3 Reasons to Buy Air Canada (TSX:AC) Stock Today

Air Canada (TSX:AC) is heading towards a recovery rally, driven by revenue-growth expectations. Should you hop on to this rally? 

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In 2020, I’d warned against buying Air Canada (TSX:AC) for the long term. I stand by the statement. It is but a speculative stock whose fundamentals have been shaken by the pandemic. Being risk averse is not a bad thing. But if you want high returns in a short time, a little risk is inevitable. Crypto traders take an unsurmountable level of risk, where a 40% upside or downside is normal. I am not saying you should take such a high risk, but AC is a calculated risk with a limited downside of 29% ($20) and a potential upside of 42% ($40). 

Just invest 5% of your portfolio in Air Canada today and hold it for at least one year. It could give you a double-digit growth of up to 40%, despite its $6 billion net loss in the past five quarters. What makes me bullish on this stock is not its history but its near-term future. Remember, the stock price is based on the future earnings potential of a company. I’ll give you three factors that will drive AC’s growth in the near term. 

Betting on recovery stocks 

Between November 2020 and January 2021, you saw the power of the recovery rally. Air Canada stock surged 25% in one day when the vaccine news came. It broke the $15 mark and made a new high of $27.5. In March, the second wave of the pandemic cooled, and AC stock made a new high of $32. With every wave, AC stock’s high surged, and so did its low. 

And unlike last time, the airline is now on a permanent road to recovery. The vaccine rollout is in full swing, and the government is considering easing travel restrictions. AC stock is on the brink of a recovery rally. But unlike other pandemic-hit stocks that have returned to their pre-pandemic levels, AC stock might see some discounting. 

The stock traded at $50 before COVID-19, and the virus has left some deep scars in the airline business. Many airlines expect to see a permanent loss of a portion of business travel. Hence, I take a cautious estimate and expect the stock to recover to $40, representing a 41.6% upside from the current price. 

But this recovery rally won’t last. Once things normalize, fundamental will sink in, and AC’s stock price growth might stall. That is the time to book profit and invest in a dividend stock. 

Air Canada returns to international skies 

Another reason to buy Air Canada stock now is that the airline is poised to reinstate several of the routes it closed in the pandemic. This is something the airline can’t run away from. It is one of the conditions of the $5.9 billion government bailout.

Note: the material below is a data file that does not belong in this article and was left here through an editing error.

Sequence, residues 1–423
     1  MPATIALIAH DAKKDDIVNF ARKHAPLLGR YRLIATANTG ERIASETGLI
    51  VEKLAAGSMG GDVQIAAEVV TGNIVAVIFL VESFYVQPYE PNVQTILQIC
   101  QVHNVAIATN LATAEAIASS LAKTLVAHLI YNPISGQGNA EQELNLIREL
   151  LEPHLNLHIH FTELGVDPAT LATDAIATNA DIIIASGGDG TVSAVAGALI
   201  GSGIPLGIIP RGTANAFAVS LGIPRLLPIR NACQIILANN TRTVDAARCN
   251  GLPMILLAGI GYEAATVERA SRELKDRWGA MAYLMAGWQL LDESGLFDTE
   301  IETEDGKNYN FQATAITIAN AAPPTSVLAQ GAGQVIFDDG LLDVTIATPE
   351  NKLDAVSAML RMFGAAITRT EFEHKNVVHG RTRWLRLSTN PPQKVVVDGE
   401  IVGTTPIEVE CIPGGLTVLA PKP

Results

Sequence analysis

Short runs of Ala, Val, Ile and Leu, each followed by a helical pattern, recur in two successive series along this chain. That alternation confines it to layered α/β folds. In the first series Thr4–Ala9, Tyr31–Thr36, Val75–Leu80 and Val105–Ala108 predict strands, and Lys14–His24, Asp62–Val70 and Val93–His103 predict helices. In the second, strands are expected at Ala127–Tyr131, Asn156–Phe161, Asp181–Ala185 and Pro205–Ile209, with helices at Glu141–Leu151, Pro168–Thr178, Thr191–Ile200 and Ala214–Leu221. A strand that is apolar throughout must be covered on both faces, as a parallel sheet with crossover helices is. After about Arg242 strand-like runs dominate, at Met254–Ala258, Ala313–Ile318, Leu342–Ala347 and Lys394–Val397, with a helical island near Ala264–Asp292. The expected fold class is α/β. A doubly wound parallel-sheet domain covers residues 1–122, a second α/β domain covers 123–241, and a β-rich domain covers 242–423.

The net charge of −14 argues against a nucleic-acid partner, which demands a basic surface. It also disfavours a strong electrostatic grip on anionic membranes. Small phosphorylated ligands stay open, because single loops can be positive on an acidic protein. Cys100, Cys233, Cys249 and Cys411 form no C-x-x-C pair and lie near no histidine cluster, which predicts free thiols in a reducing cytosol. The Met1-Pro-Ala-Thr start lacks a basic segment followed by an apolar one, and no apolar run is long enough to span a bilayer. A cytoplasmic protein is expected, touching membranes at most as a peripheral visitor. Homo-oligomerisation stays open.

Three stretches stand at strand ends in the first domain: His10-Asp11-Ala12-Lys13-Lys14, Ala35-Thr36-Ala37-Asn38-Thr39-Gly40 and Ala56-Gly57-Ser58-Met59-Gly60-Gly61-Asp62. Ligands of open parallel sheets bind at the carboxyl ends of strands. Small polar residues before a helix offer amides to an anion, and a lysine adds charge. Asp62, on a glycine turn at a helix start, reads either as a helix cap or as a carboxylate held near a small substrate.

Starting as early as June 20, it will resume flights to India and some European countries. In August, it plans to reinstate some routes to the United States. The airline has also started scheduling flights to holiday destination for September. And there is pent-up demand from leisure travellers. This pent-up demand could help it sell expensive seats. AC could report revenue growth of 40-60% because of the weak 2020 figures. 

Air Canada expands international cargo service 

Another area for shareholders to look at is Air Canada’s international cargo service. While many passenger airlines failed to profit from air cargo service in the past, AC could hit the nail given the e-commerce revolution. Many logistics companies could outsource their air cargo orders to AC. This business is at a nascent stage and has to prove its value to customers and shareholders. 

Investor takeaway 

Recovery, pent-up demand, and cargo services are good enough reasons to buy the stock for the short term. But this doesn’t remove the downside risk. The airline industry has too much supply and huge debt. But AC is well positioned than most of its competitors to tap the upside and mitigate the downside.

Invest 5% of your portfolio in AC but also hedge your portfolio downside with resilient dividend stocks. 

This article represents the opinion of the writer, who may disagree with the “official” recommendation position of a Motley Fool premium service or advisor. We’re Motley! Questioning an investing thesis — even one of our own — helps us all think critically about investing and make decisions that help us become smarter, happier, and richer, so we sometimes publish articles that may not be in line with recommendations, rankings or other content.

Fool contributor Puja Tayal has no position in any of the stocks mentioned.

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